Indian Coast Guard try to douse the fire onboard MV X-Press Pearl off Colombo. Photograph:( ANI )
Amid adverse weather and rough seas, ICG vessels Vaibhav and Vajra have been fighting the blaze with Sri Lankan vessels by spraying seawater and Aqueous Film Forming foam (fire suppressant), in sustained day-night efforts
With firefighting operations on container ship MV X-Press Pearl, off Colombo, running into the fourth day, the Indian Coast Guard (ICG) has said that fire appears to have reduced in the front and mid-region of the ship, while the blaze continues in the rear.
Based on an aerial survey conducted by the ICG’s Dornier aircraft on Thursday, it is said that there is no oil spill.
Also read | Ship fire off Colombo: Indian Coast Guard rushes assets, more on standby
Amid adverse weather and rough seas, ICG vessels Vaibhav and Vajra have been fighting the blaze with Sri Lankan vessels by spraying seawater and Aqueous Film Forming foam (fire suppressant), in sustained day-night efforts.
The blaze has led to the large container ship looking mangled on most sides, tilting towards its right and the burnt containers face the risk of falling overboard. Under these conditions, the ICG vessels have been manoeuvring as close as 40-50 metres of the stricken ship for effective firefighting.
To bolster the firefighting operations, ICG vessel Vajra handed over 4,500 litres of AFFF compound and 450 kg Dry Chemical Powder to Sri Lankan authorities on Wednesday.
The ship was carrying 1,486 containers and about 25 tonnes of hazardous nitric acid and other chemicals.
Earlier, the 25 crew onboard the ship, including five Indians, were evacuated. It was on 20th May that fire first broke out on the ship.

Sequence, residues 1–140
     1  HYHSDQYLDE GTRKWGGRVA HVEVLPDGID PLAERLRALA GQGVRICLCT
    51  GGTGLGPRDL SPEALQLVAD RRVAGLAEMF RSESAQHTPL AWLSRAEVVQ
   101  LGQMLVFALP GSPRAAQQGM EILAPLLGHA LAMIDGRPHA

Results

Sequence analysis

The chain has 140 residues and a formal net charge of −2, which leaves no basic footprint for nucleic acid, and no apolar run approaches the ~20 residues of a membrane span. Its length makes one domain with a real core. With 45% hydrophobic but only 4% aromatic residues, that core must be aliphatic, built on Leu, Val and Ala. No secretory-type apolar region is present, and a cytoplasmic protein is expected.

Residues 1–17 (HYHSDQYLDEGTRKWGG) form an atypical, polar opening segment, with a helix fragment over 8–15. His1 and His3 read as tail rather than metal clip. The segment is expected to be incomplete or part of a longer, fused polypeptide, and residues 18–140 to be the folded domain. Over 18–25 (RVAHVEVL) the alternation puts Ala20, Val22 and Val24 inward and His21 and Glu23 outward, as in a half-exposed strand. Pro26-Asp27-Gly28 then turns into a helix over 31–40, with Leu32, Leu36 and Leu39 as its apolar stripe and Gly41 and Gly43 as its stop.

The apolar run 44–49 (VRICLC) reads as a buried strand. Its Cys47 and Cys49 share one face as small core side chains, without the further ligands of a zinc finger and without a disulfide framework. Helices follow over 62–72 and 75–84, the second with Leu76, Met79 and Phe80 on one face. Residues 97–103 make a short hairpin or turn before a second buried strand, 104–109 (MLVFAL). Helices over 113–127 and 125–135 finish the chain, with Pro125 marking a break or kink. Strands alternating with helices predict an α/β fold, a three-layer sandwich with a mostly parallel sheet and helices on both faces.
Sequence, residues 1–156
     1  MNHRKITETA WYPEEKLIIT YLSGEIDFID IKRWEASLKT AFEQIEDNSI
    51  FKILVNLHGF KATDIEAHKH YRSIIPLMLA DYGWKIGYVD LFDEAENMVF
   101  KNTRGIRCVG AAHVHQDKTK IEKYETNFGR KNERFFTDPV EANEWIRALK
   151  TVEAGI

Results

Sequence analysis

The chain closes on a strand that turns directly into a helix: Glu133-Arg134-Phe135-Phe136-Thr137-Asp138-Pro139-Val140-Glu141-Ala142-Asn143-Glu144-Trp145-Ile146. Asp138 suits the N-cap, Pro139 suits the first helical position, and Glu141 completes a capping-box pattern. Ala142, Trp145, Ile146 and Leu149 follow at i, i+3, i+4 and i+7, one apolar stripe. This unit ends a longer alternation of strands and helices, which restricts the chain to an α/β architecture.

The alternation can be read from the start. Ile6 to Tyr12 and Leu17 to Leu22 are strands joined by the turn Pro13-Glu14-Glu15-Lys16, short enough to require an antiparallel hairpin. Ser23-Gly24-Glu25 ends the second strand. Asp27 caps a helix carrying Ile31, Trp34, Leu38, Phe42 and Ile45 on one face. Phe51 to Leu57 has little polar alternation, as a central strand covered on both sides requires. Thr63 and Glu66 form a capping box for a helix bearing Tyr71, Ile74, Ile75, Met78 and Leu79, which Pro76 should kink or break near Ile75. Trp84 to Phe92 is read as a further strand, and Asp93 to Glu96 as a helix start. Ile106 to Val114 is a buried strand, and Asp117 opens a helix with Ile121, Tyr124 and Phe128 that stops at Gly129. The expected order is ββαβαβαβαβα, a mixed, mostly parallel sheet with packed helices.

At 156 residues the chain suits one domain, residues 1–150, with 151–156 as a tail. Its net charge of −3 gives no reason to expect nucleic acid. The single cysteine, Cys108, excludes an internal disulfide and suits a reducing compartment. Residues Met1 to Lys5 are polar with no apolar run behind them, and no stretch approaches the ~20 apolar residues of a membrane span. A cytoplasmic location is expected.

The blaze was brought under control by Sri Lankan Port authorities by the next day.
However, on Tuesday morning, owing to rough weather nearly 10 containers are said to have fallen overboard after the explosion and resultant fire.
The 325 metric tonnes of fuels held in the large container vessel's tanks are feared to pose a threat of oil spill in the region.
Besides the two ICG vessels headed for the site of the fire, their formations at Kochi, Chennai and Tuticorin are on standby for immediate assistance towards pollution response.
ICG is in continuous coordination and communication with Srilankan authorities for the operation.
ICG aircraft are also being brought to Tuticorin from Chennai and Koch for aerial surveillance and pollution response.
Over the last two weeks, the Indian Coast guard and Indian Navy have been engaged in monitoring, search and rescue operations across India’s West Coast, which was struck by a very severe cyclone Tauktae.
The effects of this cyclone were felt in Lakshadweep islands, Kerala, south Tamil Nadu, Karnataka, Maharashtra, Goa, and in Gujarat where it made landfall.
This week, the ICG assets were also deployed for search and rescue, for the impact of cyclone Yaas on India’s East Coast between Odisha and West Bengal.
In Sep 2020, a major fire had broken onboard MT New Diamond, which was carrying about 270,000 metric tonne oil and positioned off the eastern coast of Sri Lanka.
Mammoth efforts by the Indian Coast Guard in coordination with other agencies ensured that the blaze was brought under control, without any instances of the oil spill.
The ICG has said that, as an active member of the South Asia Co-operative Environment Programme (SACEP), it remains committed to its responsibilities of safeguarding the ocean environment in the region.